What Has Fraser And Neave Limited Been Up To?

Fraser and Neave Limited (SGX: F99) used to be a one of the constituent in the Straits Times Index (SGX: ^STI). Sadly, the Fraser and Neave today is only a small part of what it used to be. After the takeover by Thai Beverage Public Company Limited (SGX: Y92), F&N saw its main brewery business being sold to Heineken, its property business is being spin off to become Frasers Centrepoint Ltd (SGX: TQ5) and most recently, it has competed its sale of its Myanmar brewery business which it was forced to sell.

Its share price has also seen the effect of all these negativities.  Since the day after Frasers Centrepoint Ltd is spinoff in January 2014, F&N saw its share price fell from about S$3.48 per share to the current S$2.19 per share, felling 37% in less than two years.

The worst is over?

However, recently we have seen Fraser and Neave Limited started buying back its shares. From September 2015 till now, F&N has bought back more than 2.8 million shares, about 0.2% of its overall outstanding shares from the market. Does it mean management views its share as undervalued?

In term of valuation, F&N still does not look cheap. It is trading at about 2 times its price to tangible book value, bearing in mind that most of its valuable assets such as properties are already spinoff from the company. Moreover, it is trading at more than 100 times its price to earnings ratio. Given that the company is no longer the same Fraser and Neave of the past, it is unsure what will be its normalized earnings in the future.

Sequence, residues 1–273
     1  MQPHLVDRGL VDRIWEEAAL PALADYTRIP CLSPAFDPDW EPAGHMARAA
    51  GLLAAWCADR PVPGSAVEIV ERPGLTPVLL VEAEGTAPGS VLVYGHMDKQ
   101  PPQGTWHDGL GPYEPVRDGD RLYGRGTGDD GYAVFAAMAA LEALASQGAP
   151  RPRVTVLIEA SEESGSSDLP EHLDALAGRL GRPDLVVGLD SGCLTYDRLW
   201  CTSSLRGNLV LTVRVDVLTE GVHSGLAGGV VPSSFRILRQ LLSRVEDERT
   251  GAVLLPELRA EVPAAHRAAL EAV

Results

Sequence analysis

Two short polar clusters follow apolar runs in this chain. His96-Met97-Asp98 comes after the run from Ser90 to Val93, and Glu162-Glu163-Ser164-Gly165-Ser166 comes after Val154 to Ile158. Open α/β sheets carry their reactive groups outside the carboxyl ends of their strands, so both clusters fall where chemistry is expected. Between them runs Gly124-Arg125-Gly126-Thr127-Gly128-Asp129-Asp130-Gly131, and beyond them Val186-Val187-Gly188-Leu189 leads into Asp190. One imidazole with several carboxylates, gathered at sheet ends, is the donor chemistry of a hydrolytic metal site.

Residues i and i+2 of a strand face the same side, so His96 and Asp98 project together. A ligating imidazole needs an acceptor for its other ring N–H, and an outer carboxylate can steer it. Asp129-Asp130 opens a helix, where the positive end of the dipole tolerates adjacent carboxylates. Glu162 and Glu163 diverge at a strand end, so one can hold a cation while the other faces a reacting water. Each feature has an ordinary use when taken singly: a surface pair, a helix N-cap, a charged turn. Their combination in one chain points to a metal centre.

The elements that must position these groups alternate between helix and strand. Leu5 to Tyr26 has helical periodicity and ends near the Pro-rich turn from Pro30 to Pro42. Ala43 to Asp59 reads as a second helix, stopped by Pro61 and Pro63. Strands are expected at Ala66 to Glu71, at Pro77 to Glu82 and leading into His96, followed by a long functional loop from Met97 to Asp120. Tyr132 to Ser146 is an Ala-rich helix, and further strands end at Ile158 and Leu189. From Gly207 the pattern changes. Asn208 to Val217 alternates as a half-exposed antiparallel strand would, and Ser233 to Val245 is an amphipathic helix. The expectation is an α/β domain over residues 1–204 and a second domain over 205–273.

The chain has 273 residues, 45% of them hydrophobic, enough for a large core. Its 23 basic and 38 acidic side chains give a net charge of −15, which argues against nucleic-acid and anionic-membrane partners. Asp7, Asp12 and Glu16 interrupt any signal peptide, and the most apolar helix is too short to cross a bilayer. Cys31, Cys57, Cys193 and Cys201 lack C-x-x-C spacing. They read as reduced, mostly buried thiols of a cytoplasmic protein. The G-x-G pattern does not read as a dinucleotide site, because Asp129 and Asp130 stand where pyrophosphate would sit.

False hope

Lastly, the market got a pleasant surprise today when a press report surfaced, stating that F&N has offered to purchase a major stake in Vietnam Dairy Products Joint Stock Company (Vinamilk). These gave the market some optimism that maybe Vinamilk can be the next growth engine of the company. Unfortunately, F&N came out with an announcement that that news is inaccurate.

What does it all mean?

With the company shedding assets after assets for the past few years and with its business in Malaysia slowing down, there is hardly any sign of better days ahead for Fraser and Neave. Without a clear growth path for the future, there is really not much reason for the market to be optimistic about the company, regardless of what management feels about the share price.  

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The information provided is for general information purposes only and is not intended to be personalised investment or financial advice. Motley Fool Singapore writer Stanley Lim owns shares in Frasers Centrepoint Ltd.